Others booked everything, tours to Turkey included. Turkey is separated from Samos by 850 metres of sea. It is possible to swim it (although I think I might have a little difficulty!). Those who attempt it however, run the risk of being scooped from the briny by the Turkish coastguard who, it seems, do not have much of a sense of adventure. Apparently the previous week , a British tour guide inadvertently fell asleep on her lilo and drifted into Turkish waters. They returned to Samos and unceremoniously frog-marched up the beach to the amusement of a tghrong of sun-worshippers!

I decided to pop into a little beach bar that I had noticed on my foray into town the previous evening. There I met the owner , Leftiros , who was to become my second best friend in the whole world. He runs the Pegusus Bar in the Summer, and returns to Athens at the end of the season to enjoy the fruits of his labours. A Greek salad and a litre of local wine all for less than a four quid! Result! Back at my room I fell asleep and when I awoke it was evening. Must go in search of George, so I wandered in the direction of the bar. With oodles of ouzo at a couple of bob a glass it's very easy to become a babbling baboon and still have change from a fiver!

Saturday, and the north wind was howling. So loud it almost drowned the roar of jet engines passing my balcony. But I'm on holiday so what do I care! Off I went to see Leftiros at the Pegusus for an early lunch. A bowl of excellent stew, and a flagon of red wine. In the force ten gale I hung on to the book I was attempting to read, when suddenly my glass of red vino launched itself into the air and deposited it's contents all over my pristine white polo shirt and my autographed copy of This is Your Life (an excellent read by the way). Hey-ho! Never mind. Decided to go and see George.

In Samos, and probably in the rest of Greece for all I know,there are wild cats everywhere. They look like domestic cats. Ginger, white, black, pink ( only kidding) . I wondered why there seemed to be more kittens than cats, and Leftiros told me that the adults are culled to keep down the population . Wherever and wherever you eat you eat your meals, you are joined by kittens. They have no fear of jumping on your table, staring at your food and masking you feel guilty! In no time at all they are joined on your table by birds who think nothing of pecking at your bread! Now in the normal order of things I would have thought that the cats would be licking their lips at the prospect of a juicy sparrow rather than competing for a bit of my steaming bowl of moussaka!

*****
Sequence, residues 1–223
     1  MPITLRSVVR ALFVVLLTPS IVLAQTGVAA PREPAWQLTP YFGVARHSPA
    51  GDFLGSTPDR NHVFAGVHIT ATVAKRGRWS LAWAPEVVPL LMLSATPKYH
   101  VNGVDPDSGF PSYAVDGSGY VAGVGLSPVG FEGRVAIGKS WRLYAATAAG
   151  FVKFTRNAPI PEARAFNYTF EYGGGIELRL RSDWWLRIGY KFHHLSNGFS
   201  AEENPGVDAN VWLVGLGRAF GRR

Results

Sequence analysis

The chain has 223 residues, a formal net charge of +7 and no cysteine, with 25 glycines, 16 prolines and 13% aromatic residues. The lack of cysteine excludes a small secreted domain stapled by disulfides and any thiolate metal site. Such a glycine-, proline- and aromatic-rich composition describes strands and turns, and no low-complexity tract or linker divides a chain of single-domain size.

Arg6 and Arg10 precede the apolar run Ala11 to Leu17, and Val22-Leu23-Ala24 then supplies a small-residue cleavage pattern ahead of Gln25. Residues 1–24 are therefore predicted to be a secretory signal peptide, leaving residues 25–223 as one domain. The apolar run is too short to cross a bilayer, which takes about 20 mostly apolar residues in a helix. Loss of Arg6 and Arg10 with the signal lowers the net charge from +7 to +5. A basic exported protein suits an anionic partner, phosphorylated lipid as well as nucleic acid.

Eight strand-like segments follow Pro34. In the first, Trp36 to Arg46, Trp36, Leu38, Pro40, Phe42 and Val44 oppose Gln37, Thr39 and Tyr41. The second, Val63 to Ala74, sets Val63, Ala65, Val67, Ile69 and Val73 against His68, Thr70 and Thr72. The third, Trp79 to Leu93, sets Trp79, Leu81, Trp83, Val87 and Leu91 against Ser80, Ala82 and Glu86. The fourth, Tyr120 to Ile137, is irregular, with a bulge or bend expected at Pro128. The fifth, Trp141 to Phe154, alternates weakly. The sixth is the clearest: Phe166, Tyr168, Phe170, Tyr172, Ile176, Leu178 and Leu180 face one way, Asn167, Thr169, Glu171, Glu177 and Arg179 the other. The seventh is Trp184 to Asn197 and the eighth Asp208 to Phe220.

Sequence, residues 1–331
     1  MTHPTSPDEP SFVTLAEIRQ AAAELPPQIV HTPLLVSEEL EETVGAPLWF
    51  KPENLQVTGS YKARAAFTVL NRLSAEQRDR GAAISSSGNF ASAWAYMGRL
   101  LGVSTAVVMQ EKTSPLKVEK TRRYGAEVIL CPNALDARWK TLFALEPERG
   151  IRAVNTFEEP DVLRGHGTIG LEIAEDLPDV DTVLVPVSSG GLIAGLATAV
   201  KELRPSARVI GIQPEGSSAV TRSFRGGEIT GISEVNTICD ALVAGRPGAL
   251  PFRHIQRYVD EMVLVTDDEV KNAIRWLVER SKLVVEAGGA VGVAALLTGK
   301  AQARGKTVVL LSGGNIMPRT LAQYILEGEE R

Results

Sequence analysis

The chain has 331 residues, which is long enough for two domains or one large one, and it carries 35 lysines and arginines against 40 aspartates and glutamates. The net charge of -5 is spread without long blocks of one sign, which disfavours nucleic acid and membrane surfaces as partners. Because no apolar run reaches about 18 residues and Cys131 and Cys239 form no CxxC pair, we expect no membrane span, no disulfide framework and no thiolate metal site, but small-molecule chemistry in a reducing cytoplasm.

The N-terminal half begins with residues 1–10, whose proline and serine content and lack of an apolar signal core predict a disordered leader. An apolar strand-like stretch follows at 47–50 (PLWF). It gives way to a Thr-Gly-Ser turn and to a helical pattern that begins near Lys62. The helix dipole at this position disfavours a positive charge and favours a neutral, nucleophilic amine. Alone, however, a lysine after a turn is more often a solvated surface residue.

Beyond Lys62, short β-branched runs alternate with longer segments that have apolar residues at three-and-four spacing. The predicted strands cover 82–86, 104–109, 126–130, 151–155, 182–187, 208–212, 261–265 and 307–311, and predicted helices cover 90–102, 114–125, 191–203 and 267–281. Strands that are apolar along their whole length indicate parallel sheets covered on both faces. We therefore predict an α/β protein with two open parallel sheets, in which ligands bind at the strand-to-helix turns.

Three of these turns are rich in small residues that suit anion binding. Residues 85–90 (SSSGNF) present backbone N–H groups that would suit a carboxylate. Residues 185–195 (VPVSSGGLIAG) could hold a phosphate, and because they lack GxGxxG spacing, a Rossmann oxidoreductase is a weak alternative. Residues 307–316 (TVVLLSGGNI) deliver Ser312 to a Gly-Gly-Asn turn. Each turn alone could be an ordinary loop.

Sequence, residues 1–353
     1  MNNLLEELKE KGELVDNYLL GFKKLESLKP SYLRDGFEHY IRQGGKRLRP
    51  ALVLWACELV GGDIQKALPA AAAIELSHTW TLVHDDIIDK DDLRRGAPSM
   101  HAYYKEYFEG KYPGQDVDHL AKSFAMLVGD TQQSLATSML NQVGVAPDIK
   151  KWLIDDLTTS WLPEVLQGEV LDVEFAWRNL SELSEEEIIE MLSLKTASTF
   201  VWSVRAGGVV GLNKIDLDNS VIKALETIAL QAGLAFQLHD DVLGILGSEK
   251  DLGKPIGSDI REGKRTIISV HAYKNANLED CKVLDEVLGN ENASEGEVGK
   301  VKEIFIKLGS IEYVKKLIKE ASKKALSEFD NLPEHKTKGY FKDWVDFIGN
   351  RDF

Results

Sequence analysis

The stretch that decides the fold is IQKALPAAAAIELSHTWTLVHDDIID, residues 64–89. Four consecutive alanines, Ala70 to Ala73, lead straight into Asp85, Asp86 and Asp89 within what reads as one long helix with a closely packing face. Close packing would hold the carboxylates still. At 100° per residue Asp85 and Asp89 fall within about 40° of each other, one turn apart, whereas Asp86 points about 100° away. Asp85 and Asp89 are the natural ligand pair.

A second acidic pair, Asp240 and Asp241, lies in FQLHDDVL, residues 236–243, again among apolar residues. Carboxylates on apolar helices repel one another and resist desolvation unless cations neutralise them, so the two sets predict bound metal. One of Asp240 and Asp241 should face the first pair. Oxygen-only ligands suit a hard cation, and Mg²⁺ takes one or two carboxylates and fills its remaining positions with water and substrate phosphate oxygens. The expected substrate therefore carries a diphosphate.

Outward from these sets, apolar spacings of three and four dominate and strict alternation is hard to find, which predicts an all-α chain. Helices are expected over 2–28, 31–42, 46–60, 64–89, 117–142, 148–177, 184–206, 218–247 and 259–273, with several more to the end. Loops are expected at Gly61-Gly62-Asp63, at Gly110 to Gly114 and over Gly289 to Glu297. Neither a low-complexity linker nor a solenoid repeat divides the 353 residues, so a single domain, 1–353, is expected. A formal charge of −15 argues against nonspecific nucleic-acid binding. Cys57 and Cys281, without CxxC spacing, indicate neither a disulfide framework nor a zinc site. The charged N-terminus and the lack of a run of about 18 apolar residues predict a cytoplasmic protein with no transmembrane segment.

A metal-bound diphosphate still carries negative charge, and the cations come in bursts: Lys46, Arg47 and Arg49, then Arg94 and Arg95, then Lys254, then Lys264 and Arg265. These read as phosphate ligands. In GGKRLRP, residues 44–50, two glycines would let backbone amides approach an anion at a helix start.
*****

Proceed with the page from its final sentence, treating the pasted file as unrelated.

Bet you'd never heard of Samos before. I certainly hadn't. It seems however that they had one famous resident in times gone by. No less than Percy Pythagorus himself!

Tempting though it was just continue lounging around, I decided that as I'd paid for a charabanc trip around the island, I ought take it. It was to take six hours! First stop, an amazing tunnel which was cut by hand through the middle of a mountain in order to carry water from one side of Samos to the other. Seems two gangs of diggers set out from either side and met in the middle just one metre adrift! And to think, the channel tunnel moles , with all their computer technology and sophisticated equipment almost missed each other completely!But the Samos tunnel was dug in 6BC. I was still only metres from my apartment,and surrounded by a palace, a stadium, a pottery, a gymnasium, a bath house, Hellenistic villas, Roman mosaic floors and sanctuaries all dating from the time of Aphrodites, Artimus and Demeter as well as the nymphs of the Geometric period ( at least, that's what it said in my tour leaflet!).

Anyway, back on the coach and off we went to a 12th century monastery. The wall icons and paintings were truly breathtaking. I've seen temples, mosques and cathedrals all over the world, but this place defied description. The local religion is Greek Orthodox - very similar in many ways to Roman Catholic. However to demonstrate that they are different there are no statues in places of worship, only two dimensional images. For the same reason the have no musical instruments, just 'hummers' who provide a backing track so to speak.